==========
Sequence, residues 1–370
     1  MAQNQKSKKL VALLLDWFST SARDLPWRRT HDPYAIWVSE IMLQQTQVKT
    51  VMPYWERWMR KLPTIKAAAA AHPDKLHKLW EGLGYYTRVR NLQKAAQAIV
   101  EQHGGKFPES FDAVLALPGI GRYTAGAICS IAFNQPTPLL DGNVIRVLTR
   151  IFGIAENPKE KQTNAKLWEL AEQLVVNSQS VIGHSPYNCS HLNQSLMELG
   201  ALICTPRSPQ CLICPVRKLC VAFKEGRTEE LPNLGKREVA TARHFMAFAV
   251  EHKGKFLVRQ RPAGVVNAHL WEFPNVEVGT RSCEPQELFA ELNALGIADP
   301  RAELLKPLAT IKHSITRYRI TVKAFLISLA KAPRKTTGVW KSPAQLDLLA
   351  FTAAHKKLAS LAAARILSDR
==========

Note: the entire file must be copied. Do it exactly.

Sequence, residues 1–370
     1  MAQNQKSKKL VALLLDWFST SARDLPWRRT HDPYAIWVSE IMLQQTQVKT
    51  VMPYWERWMR KLPTIKAAAA AHPDKLHKLW EGLGYYTRVR NLQKAAQAIV
   101  EQHGGKFPES FDAVLALPGI GRYTAGAICS IAFNQPTPLL DGNVIRVLTR
   151  IFGIAENPKE KQTNAKLWEL AEQLVVNSQS VIGHSPYNCS HLNQSLMELG
   201  ALICTPRSPQ CLICPVRKLC VAFKEGRTEE LPNLGKREVA TARHFMAFAV
   251  EHKGKFLVRQ RPAGVVNAHL WEFPNVEVGT RSCEPQELFA ELNALGIADP
   301  RAELLKPLAT IKHSITRYRI TVKAFLISLA KAPRKTTGVW KSPAQLDLLA
   351  FTAAHKKLAS LAAARILSDR